How to Keep Your Personal Injury Claim Safe From Adjusters

James R. Kearney
Fairfax and Northern Virginia Personal Injury Lawyer

Even if you were not hurt, a car crash can still be traumatic. You may be confused and upset or simply anxious about who is going to pay for the damage. If you have a good insurance policy, you may expect your company to cover your losses. However, speaking to an insurance adjuster right after an accident is rarely a good idea.  Be careful when talking to an insurance adjuster

Whether you were injured or not, your insurance policy usually requires you to report accidents within a certain timeframe. Once you report an accident, you will likely receive a phone call or visit from an adjuster.

The insurance company is a business that cares about the bottom line and wants to pay out as little money as possible, regardless of your safe driving history or spotless violations record.

Here are some important tips to avoid ruining your personal injury claim after an accident.

Never Admit Fault

When you receive a phone call from your insurer or the other driver’s adjuster, tell them you were in an accident and offer a brief explanation about what happened. However, you should never admit fault. Simply apologizing to an insurance adjuster can be construed as an admission of fault—and if you admit fault, even without intending to, the company may refuse to pay you anything.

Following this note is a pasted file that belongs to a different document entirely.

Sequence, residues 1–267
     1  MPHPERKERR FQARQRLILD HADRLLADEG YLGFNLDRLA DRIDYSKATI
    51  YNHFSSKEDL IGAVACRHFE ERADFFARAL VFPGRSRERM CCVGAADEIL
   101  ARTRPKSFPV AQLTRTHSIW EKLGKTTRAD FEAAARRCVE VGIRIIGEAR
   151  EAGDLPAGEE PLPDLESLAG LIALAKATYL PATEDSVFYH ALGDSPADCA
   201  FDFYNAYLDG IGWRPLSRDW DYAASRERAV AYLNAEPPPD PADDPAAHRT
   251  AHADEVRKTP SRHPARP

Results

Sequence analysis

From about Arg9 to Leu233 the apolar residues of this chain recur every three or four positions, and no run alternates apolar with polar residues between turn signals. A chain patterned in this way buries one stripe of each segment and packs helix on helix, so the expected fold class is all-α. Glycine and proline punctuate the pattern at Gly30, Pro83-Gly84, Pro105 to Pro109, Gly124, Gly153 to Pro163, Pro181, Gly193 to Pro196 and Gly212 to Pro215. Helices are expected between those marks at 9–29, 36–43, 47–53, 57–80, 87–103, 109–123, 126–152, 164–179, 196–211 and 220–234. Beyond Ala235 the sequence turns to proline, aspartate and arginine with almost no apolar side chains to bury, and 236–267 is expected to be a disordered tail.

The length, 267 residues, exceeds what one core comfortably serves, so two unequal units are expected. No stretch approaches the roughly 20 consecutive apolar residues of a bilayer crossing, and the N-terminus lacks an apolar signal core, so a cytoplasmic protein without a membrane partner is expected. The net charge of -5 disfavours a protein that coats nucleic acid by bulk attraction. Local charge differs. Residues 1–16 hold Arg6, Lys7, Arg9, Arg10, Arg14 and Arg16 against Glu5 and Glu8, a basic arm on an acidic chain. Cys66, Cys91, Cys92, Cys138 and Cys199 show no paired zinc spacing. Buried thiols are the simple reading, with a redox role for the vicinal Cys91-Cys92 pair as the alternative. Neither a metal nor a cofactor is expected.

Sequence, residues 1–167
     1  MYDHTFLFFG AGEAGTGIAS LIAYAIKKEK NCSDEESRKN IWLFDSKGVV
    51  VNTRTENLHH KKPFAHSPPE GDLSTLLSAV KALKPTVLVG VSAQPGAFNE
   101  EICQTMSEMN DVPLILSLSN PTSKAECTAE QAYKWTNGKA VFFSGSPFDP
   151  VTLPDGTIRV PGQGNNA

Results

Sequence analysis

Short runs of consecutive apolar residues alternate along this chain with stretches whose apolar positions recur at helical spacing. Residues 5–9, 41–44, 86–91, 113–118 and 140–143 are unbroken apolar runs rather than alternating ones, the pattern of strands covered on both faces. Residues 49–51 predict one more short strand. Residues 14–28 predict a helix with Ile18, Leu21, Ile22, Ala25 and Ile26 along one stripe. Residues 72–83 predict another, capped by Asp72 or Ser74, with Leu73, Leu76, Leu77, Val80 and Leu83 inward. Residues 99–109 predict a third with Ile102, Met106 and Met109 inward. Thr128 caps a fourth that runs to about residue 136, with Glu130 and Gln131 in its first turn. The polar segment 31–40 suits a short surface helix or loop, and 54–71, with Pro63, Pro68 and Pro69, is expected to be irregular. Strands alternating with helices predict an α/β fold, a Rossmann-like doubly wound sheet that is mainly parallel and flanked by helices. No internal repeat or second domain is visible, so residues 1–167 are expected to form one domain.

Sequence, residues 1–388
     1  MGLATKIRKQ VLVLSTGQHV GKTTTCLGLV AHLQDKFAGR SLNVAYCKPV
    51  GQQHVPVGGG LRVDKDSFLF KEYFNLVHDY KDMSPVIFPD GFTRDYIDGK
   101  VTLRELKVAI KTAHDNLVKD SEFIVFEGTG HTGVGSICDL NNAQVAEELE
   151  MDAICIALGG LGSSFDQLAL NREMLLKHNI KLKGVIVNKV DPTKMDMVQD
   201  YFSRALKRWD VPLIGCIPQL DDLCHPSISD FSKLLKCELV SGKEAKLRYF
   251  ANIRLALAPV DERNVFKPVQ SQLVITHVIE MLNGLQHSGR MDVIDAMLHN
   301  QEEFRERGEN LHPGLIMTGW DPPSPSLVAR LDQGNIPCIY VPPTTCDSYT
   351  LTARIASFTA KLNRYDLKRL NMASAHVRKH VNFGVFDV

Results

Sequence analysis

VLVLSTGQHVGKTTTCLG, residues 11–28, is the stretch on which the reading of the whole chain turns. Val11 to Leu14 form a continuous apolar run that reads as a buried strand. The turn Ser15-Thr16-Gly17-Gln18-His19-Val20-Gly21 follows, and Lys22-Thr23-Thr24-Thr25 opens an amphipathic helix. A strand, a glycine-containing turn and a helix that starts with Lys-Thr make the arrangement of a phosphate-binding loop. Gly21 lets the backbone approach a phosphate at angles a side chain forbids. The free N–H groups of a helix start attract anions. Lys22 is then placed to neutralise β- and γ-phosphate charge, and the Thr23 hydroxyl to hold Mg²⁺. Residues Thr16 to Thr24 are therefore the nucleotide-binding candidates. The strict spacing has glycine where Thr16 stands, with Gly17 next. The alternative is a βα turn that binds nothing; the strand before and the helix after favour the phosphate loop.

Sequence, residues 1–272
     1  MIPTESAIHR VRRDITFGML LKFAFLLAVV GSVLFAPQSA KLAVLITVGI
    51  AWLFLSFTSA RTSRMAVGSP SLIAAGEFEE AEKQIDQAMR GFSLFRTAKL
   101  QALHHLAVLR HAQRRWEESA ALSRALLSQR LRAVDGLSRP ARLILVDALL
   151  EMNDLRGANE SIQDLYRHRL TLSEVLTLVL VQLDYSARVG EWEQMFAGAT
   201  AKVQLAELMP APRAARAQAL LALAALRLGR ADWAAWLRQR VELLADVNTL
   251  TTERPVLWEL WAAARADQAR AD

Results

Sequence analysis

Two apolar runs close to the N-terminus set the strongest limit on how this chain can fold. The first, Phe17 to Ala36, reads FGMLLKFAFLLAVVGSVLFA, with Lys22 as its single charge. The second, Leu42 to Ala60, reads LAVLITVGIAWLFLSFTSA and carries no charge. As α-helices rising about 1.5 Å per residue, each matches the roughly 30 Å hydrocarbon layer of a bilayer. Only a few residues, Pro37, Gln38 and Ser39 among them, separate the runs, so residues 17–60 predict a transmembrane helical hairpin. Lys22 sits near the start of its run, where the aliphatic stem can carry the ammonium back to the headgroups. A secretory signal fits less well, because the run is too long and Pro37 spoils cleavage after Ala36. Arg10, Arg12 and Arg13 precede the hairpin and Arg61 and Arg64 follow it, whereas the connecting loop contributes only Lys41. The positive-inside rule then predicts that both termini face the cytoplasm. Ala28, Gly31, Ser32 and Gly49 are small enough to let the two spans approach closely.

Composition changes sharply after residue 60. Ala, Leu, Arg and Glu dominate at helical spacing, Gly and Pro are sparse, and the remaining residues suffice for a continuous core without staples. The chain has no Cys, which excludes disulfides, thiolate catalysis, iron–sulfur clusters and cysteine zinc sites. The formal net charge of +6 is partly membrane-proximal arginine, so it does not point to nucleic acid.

Keep the initial encounter as brief and professional as possible. If you are asked to provide an official statement, decline the opportunity, and refer the adjuster to your personal injury attorney.

Don’t Give Access to Medical Records

Insurance adjusters often ask accident victims to sign a disclosure granting the company access to their medical records.

If your adjuster asks to see your medical records, politely decline. You should never allow anyone access to your medical records without first speaking to your attorney. In fact, it is best that you do not make any statement relating to the extent of your injuries, as an unscrupulous adjuster may twist your words or otherwise use them against you.

Don’t Accept an Early Settlement

An insurer may offer you a settlement before you get out of the hospital. Often, this settlement is conditional: you only get paid if you drop your claim.

While this settlement may seem generous, it is likely far less than you could receive if you negotiated with the company or took a personal injury claim to court. Even if the award is enough to cover your immediate expenses, you may have long-term needs, such as physical therapy or treatment, for an injury that took time to develop.

How an Attorney Can Help

After you seek medical attention following the accident, you should contact your Virginia car crash lawyer. If you were unable to gather evidence after the accident, your attorney can:

  • visit the site of the wreck to take photographs
  • gather eyewitness accounts
  • secure surveillance footage
  • deal with insurance adjusters by answering their questions and negotiating a higher settlement

Throughout the process, your attorney’s goal is to ensure you receive the maximum amount of money for your damages. If you do not already have a personal attorney injury attorney, consider hiring one. While you might think that personal injury lawyers cost big money, that is not true. Most firms take personal injury clients on a contingency basis. This means, if you pursue a claim, KFFJ Law does not get paid until you do. If you do not win, you do not pay anything.

Contact Us Today

If you were injured in an accident, send Kearney, Freeman, Fogarty & Joshi a message online, or call us today.

 

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